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Review ARTICLE

Front. Immunol., 10 October 2014 | https://doi.org/10.3389/fimmu.2014.00482

Salmonella enterica in the chicken: how it has helped our understanding of immunology in a non-biomedical model species

  • Department of Infection Biology, School of Veterinary Science and Institute for Infection and Global Health, University of Liverpool, Liverpool, UK

Salmonella infection of the chicken is important both as a source of foodborne human salmonellosis and as a source of disease in the chicken itself. Vaccination and other control strategies require an understanding of the immune response and as such have been important in understanding both mucosal immunity and more generally the response to bacterial infection. In this review, we discuss the contribution the study of avian salmonellosis has made to understanding innate immunity including the function of phagocytic cells, pattern recognition receptors, and defensins. The mucosal response to Salmonella infection and its regulation and the contribution this makes in protection against infection and persistence within the gut and future directions in better understanding the role of TH17 and Tregs in this response. Finally, we discuss the role of the immune system and its modulation in persistent infection and infection of the reproductive tract. We also outline key areas of research required to fully understand the interaction between the chicken immune system and Salmonella and how infection is maintained in the absence of substantive gastrointestinal disease.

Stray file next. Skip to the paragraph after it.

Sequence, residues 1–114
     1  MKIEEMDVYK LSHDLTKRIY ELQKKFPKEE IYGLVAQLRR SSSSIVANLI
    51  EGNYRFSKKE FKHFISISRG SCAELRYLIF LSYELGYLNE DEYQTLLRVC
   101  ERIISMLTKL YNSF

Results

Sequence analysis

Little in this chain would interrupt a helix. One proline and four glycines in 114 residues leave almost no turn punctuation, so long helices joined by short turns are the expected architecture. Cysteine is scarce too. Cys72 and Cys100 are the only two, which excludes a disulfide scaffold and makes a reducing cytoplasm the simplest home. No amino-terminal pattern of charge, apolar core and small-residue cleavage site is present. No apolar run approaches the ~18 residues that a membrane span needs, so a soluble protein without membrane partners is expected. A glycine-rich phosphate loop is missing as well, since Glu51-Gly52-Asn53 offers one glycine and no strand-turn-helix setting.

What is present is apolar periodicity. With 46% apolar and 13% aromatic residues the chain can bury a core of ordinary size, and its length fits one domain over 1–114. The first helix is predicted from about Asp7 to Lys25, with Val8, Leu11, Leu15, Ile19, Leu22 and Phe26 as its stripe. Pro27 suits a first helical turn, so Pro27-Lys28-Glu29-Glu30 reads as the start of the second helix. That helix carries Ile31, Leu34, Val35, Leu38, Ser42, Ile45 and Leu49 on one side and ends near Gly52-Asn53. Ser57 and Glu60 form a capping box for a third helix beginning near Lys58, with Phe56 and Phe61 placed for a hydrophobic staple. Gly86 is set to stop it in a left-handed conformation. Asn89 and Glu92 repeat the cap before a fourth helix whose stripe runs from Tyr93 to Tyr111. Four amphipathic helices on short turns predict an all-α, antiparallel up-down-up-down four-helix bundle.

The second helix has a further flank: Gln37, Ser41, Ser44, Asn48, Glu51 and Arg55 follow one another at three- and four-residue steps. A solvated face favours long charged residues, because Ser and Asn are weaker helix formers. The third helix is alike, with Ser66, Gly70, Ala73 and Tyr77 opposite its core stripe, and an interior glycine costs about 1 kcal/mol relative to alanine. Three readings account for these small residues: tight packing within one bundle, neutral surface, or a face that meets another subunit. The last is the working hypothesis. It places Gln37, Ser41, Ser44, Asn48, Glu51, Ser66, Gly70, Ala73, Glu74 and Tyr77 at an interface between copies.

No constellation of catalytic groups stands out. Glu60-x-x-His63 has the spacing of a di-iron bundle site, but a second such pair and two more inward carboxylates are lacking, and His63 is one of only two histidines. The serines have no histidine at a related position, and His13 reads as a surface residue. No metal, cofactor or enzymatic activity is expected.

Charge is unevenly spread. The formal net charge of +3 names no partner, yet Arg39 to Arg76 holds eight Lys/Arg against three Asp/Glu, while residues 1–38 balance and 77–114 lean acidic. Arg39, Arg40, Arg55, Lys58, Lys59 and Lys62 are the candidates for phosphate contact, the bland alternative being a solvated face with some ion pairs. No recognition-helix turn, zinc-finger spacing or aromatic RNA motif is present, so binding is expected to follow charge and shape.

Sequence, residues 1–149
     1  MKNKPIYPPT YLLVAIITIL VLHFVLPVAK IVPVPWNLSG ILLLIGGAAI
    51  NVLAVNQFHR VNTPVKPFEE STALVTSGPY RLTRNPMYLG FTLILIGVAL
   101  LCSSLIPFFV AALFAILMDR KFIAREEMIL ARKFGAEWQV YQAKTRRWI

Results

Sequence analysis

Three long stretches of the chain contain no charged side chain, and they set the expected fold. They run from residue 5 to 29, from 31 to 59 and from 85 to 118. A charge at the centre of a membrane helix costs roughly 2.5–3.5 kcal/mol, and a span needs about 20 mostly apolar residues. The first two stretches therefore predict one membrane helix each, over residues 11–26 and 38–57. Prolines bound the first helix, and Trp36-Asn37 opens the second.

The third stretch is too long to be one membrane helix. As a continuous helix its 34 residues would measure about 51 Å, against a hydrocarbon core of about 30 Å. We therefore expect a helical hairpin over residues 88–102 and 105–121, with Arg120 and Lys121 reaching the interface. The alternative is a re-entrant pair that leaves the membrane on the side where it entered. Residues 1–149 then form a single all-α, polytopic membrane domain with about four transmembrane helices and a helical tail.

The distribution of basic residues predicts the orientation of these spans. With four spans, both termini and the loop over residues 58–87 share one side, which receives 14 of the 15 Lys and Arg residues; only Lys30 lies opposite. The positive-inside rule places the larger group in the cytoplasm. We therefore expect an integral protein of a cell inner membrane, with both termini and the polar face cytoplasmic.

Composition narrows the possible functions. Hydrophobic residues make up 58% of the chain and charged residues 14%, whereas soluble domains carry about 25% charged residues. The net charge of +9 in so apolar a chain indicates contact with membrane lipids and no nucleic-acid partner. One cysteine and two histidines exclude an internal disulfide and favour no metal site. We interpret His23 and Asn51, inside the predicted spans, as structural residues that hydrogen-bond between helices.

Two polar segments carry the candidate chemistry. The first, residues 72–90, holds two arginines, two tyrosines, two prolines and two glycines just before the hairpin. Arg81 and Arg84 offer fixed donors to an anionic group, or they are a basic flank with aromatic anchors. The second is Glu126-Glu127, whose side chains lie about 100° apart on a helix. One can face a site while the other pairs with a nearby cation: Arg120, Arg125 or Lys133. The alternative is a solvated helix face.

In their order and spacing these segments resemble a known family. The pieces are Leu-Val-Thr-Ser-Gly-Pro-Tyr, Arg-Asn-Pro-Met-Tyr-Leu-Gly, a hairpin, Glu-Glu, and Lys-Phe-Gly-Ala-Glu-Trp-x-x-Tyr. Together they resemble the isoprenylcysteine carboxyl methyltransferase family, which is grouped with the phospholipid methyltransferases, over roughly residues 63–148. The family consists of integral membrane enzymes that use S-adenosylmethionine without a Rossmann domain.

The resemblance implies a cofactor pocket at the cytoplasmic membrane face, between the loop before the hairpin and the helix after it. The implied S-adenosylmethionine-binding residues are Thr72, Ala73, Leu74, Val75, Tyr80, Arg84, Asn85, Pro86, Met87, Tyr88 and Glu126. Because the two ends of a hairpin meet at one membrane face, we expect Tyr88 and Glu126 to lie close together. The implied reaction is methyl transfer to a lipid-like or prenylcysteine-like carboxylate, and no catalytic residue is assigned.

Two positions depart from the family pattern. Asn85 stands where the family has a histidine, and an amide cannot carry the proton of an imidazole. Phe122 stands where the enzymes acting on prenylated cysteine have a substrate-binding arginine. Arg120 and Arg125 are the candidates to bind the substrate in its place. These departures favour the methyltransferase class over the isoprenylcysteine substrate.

Introduction